Note to editors: Kaplan is a subsidiary of Graham Holdings Company (NYSE: GHC)
New York, NY (January 29, 2020) – According to a recent Kaplan Test Prep survey of more than 100 law schools across the United States, 84 percent of admissions officers believe that the current political climate was a significant factor in this past admissions cycle’s increase of 3.3 percent in law school applications*. This includes 26 percent who describe it as a “very significant” factor. In Kaplan’s 2018 law school admissions officers survey, a similar 87 percent said the political climate drove the cycle’s nearly nine percent increase in applications, the first significant increase after years of plummeting application volume after the Great Recession.
This application bump—driven by an interest in politics—may continue, according to a separate Kaplan survey of over 400 pre-law students**. Forty-one percent say that the political climate impacted their decision to apply to law school, a decrease from 45 percent in 2019, but a marked increase from 32 percent in a Kaplan survey released in 2018.
Among the students who said politics was a significant factor, one said: “It’s getting harder and harder for people to come together over basic policies, and as a result, those with less influence (i.e. marginalized individuals/communities) are being forgotten. I want to be a lawyer in large part to bring a voice back to these individuals and fight for equality under the law.” However, another student said it was technology, not politics, driving her interest in a career in law: “I am interested in studying and practicing intellectual property law, as I believe that with the growth of media technology like streaming, intellectual property attorneys will be in increasing demand.”
Further, the Kaplan survey found that an interest in politics was also driving the choice of where to attend law school. Nearly half (46 percent) say it is important to attend a law school where fellow students generally share their own political and/or social beliefs, the same percentage as last year’s survey found.
“Since 2017, we’ve seen increases in both LSAT® takers and law school applications, which has fueled speculation about how much impact the political climate is having on the law school admissions landscape. At Kaplan we thought it would be worth securing hard data on the issue and tracking this for subsequent cycles. We now have an answer: the impact remains significant and appears to have staying power,” said Jeff Thomas, executive director of admissions programs, Kaplan Test Prep. “As law school admissions officers point out, caring about politics alone is not a strong enough reason to attend law school. Your career in law will outlive any particular presidency. A term in the House lasts two years, law school lasts three years, and a presidency can be as short as four years, but your career will last decades. That’s why we continue to advise pre-law students to think carefully about why they are applying and what they plan to do with their degree in the long term.”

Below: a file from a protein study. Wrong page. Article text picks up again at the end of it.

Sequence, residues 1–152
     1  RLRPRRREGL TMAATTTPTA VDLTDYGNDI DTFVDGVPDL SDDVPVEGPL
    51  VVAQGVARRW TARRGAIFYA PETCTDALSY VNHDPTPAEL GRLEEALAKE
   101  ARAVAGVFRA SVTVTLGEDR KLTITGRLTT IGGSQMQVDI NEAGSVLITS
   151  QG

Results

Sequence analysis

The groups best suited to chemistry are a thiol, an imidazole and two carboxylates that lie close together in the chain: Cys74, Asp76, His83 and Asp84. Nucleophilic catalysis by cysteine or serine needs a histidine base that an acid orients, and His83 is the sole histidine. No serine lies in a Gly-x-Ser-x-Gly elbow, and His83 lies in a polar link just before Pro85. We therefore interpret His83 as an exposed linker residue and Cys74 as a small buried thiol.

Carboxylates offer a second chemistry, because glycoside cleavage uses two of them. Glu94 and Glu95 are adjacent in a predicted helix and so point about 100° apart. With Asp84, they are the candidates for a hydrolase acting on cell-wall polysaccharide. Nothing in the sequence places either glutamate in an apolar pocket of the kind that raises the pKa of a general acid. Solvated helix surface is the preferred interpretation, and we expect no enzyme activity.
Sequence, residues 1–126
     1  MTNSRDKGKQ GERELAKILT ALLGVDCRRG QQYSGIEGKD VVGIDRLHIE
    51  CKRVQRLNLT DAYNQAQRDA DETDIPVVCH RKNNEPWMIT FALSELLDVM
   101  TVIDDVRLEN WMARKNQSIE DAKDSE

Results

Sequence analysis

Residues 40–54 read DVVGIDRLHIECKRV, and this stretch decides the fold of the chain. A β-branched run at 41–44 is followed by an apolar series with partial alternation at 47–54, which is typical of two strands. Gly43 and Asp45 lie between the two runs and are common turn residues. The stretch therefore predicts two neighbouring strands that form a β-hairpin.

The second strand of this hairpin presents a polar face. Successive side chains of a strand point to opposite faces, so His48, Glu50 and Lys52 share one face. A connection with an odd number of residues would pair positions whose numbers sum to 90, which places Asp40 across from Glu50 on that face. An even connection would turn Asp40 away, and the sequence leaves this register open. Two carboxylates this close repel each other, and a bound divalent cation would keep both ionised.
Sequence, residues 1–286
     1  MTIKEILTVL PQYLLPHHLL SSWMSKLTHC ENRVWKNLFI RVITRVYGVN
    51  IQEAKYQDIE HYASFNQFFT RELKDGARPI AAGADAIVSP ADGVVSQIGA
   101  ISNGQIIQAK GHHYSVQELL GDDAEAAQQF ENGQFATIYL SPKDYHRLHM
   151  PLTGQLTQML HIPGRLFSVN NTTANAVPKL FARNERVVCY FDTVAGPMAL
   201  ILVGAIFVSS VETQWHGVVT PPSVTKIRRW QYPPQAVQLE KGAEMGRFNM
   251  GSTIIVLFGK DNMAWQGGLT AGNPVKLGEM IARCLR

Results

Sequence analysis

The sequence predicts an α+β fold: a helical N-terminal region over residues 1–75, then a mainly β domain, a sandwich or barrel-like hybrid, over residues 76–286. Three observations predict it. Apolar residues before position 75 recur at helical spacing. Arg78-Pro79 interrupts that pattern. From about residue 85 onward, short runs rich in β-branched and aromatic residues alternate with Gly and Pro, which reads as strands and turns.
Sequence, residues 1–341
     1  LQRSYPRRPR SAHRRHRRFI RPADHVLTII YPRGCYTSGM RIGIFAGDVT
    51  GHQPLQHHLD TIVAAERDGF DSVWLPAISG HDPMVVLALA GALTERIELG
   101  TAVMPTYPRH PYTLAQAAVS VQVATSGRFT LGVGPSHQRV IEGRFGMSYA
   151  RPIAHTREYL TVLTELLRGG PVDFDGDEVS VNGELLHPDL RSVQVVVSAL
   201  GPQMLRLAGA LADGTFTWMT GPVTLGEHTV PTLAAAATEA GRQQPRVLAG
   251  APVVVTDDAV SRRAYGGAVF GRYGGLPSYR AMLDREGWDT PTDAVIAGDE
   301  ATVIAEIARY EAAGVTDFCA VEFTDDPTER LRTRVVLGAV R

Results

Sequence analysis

Thomas points out that although the number of law school applications was up this past cycle, the number of first-year students remained flat. “The fact that the number of 1Ls is essentially unchanged from last year despite an overall application increase suggests that law schools may be becoming more selective about who they let in. The number of jobs in the legal sector isn’t keeping up and they are mindful of that. It’s also worth noting that over the past year or so, several law schools have announced plans to close or not accept any new students. This is having an effect too.”
For more information about results from Kaplan’s surveys, contact Russell Schaffer at firstname.lastname@example.org or 212.453.7538.
*Based on the results of a Kaplan survey conducted by phone of 101 American Bar Association-accredited law schools between August and September 2019. Among the law schools polled were 29 of the top 50, as ranked by U.S. News & World Report.
**Based on the results of a Kaplan e-survey conducted between April 2019 and February 2020 of 421 pre-law students who took a Kaplan LSAT course.
LSAT® is a registered trademark of the Law School Admission Council, Inc. which does not review or endorse specific test preparation materials or services.
About Kaplan Test Prep
Kaplan Test Prep (www.kaptest.com) is a premier provider of educational and career services for individuals, schools and businesses. Established in 1938, Kaplan is the world leader in the test prep industry. With a comprehensive menu of online offerings as well as a complete array of print books and digital products, Kaplan offers preparation for more than 200 standardized tests, including entrance exams for secondary school, college and graduate school. Among those tests are the SAT®, PSAT®, ACT®, GRE®, GMAT®, LSAT®, and MCAT®. Kaplan also provides private tutoring and graduate admissions consulting services.
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